• Allowed but with major restrictions: dried fruit, salted seafood, fat meat, potatoes (two medium-sized per day), honey, cured meats
  • Prohibited: all milk and dairy products, all grain products (including corn and rice), all legumes, canned food except tomatoes, candy, ice cream, soft drinks, juices, syrups, alcohol, sugar, and salt

What Did They Find After Three Weeks?

  • Average weight dropped from 65.2 kg (144 lb) to 62.9 (139 lb) 
  • Average body mass index fell from 22.2 to 21.4
  • Average waist circumference decreased from 74.3 cm (29.25″) to 72.6 cm (28.58″) 
  • Average systolic blood pressure fell from 110 to 104 mmHg
  • plasminogen activator inhibitor-1 decreased from 5.0 kIE/l to 2.8 kIE/l
  • All of these changes were statistically significant

The researchers looked at a number of other blood tests and didn’t find any significant differences. 

Five men and nine women completed the study.  Of the 20 who originally signed up, one could not fulfill the diet, three became ill (no details), two failed to show up.

So What?

That’s a remarkable weight loss over just three weeks for slender people eating ad lib.

The study authors concluded that these paleo diet-induced changes could reduce risk for cardiovascular disease.  They called for a larger study with a control group.  (If it’s been done, I haven’t found it yet.)

Sounds reasonable.

Steve Parker, M.D.

PS: You’d think they would have said more about the three participants who got sick, rather than leave us wondering if the diet made them ill.

Reference:  Österdahl, M; Kocturk, T; Koochek, A;Wändell, PE.  Effects of a short-term intervention with a paleolithic diet in healthy volunteers.  European Journal of Clinical Nutrition, 62 (2008): 682-685.

Is the “Calories In/Calories” Theory Outdated?

Not watching The Biggest Loser

Dr. Barry Sears (Ph.D., I think) recently wrote about a lecture he attended by a dietitian affiliated with “The Biggest Loser” TV show.  She revealed the keys to weight-loss success, at least on that show.  Calorie restriction is a major feature, with the typical 300-pounder (136 kg) eating 1,750 calories a day.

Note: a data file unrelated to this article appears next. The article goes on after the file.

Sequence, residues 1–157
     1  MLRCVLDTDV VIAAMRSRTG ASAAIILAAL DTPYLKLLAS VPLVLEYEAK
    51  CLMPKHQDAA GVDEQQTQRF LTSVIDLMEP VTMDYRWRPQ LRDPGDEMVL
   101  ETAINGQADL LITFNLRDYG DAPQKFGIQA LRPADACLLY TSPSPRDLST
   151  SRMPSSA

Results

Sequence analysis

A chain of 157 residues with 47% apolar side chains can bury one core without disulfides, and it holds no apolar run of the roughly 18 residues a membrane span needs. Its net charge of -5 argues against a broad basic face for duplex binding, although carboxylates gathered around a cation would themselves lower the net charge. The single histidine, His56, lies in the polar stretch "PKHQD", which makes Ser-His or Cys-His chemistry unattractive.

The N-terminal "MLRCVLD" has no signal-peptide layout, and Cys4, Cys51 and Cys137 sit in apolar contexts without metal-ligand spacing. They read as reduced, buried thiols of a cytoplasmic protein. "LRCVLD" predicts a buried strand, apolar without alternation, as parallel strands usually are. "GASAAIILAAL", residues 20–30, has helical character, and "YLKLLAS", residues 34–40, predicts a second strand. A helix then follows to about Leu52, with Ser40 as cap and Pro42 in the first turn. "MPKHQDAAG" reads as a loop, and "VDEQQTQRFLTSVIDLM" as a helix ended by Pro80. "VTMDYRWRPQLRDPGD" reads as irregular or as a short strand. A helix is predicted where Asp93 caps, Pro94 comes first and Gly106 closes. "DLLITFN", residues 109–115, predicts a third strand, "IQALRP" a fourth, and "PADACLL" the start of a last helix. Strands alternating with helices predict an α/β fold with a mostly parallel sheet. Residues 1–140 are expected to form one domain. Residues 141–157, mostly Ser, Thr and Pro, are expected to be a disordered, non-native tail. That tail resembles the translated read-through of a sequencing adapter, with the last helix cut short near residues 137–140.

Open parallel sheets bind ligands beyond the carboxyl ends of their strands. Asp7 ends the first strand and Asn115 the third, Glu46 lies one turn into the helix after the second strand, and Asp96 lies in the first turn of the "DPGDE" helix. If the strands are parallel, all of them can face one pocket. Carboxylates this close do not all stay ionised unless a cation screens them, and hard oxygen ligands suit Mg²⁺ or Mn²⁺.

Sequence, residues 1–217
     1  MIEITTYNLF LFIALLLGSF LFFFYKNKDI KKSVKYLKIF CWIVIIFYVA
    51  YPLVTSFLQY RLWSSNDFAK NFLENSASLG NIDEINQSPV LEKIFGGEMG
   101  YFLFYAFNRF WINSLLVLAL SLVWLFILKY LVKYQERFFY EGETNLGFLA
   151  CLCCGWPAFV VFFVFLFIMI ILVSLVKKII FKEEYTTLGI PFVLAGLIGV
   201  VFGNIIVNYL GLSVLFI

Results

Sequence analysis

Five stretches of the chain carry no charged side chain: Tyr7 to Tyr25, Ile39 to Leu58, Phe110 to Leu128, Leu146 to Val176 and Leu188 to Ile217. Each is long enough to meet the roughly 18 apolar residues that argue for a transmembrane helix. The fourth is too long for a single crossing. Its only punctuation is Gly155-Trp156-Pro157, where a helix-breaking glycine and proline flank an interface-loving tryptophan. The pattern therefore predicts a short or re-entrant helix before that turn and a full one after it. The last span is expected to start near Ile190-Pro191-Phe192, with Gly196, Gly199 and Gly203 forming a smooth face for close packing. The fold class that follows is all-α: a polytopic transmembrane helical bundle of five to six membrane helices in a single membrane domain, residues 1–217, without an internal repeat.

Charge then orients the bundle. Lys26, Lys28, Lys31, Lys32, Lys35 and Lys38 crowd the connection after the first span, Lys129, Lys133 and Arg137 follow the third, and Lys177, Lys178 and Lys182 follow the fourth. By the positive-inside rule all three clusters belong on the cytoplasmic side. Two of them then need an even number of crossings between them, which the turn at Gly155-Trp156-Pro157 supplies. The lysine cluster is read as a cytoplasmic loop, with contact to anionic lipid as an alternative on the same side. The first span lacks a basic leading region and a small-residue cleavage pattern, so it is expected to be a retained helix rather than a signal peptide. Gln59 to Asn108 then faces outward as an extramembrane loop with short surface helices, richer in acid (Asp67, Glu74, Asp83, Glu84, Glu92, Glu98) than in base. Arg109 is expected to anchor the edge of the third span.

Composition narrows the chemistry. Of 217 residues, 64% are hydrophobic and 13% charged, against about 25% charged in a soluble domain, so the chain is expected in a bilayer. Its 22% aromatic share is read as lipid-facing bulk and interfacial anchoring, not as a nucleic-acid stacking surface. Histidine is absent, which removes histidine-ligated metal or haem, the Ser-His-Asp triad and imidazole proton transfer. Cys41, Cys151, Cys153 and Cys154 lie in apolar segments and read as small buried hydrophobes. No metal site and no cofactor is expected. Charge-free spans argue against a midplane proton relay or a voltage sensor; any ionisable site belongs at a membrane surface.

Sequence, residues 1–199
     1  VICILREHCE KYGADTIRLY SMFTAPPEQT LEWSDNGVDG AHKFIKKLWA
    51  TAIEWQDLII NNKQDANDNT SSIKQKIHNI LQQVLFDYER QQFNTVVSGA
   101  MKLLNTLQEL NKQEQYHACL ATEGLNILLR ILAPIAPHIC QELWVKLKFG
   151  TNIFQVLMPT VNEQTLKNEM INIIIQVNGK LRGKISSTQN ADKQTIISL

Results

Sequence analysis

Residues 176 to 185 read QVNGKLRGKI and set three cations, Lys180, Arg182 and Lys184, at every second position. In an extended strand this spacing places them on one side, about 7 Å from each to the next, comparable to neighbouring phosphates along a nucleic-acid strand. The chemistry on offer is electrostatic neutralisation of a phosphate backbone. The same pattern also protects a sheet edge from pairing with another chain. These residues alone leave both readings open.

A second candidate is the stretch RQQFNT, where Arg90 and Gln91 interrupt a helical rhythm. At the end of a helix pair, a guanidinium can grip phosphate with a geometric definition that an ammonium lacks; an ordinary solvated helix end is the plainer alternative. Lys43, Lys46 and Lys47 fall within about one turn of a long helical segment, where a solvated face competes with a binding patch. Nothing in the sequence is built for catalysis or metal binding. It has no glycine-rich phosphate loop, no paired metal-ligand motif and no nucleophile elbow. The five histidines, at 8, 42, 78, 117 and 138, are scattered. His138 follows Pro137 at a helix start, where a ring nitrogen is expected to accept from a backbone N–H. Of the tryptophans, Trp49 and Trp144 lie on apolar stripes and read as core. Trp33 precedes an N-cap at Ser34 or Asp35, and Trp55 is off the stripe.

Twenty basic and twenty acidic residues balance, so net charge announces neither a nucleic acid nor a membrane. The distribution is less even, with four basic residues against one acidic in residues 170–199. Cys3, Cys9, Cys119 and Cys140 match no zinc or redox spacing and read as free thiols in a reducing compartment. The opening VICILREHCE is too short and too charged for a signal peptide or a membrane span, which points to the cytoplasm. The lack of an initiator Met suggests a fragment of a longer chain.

On my Advanced Mediterranean Diet, 300-pounders get 2,300 calories (men) or 1,900 calories (women). 

Although not stressed by Dr. Sears, my impression is that contestants exercise a huge amount. 

Go to the Sears  link above and you’ll learn that all contestants are paid to participate.  In researching my Conquer Diabetes and Prediabetes book, I learned that the actual Biggest Loser wins $250,000 (USD).  Also, “The Biggest Loser” is an international phenomenon with multiple countries hosting their own versions, with different pay-off amounts.  A former winner, Ali Vincent, lives in my part of the world and still has some celebrity status.

This TV show demonstrates that the calories in/calories out theory of body weight still applies, including the fact that massive exercise can help significantly with weight loss.  In real-world situations, exercise contributes only a small degree to loss of excess weight. 

The major take-home point of the show, for me, is that you can indeed make food and physical activity choices that determine your weight.

Most of us watch too much

I know losing 50 to 10o pounds of fat (25–45 kg) and keeping it off for a couple years is hard; most folks can’t do it.  Do you think you’d be more successful if I gave you $250,ooo for your success?

Steve Parker, M.D.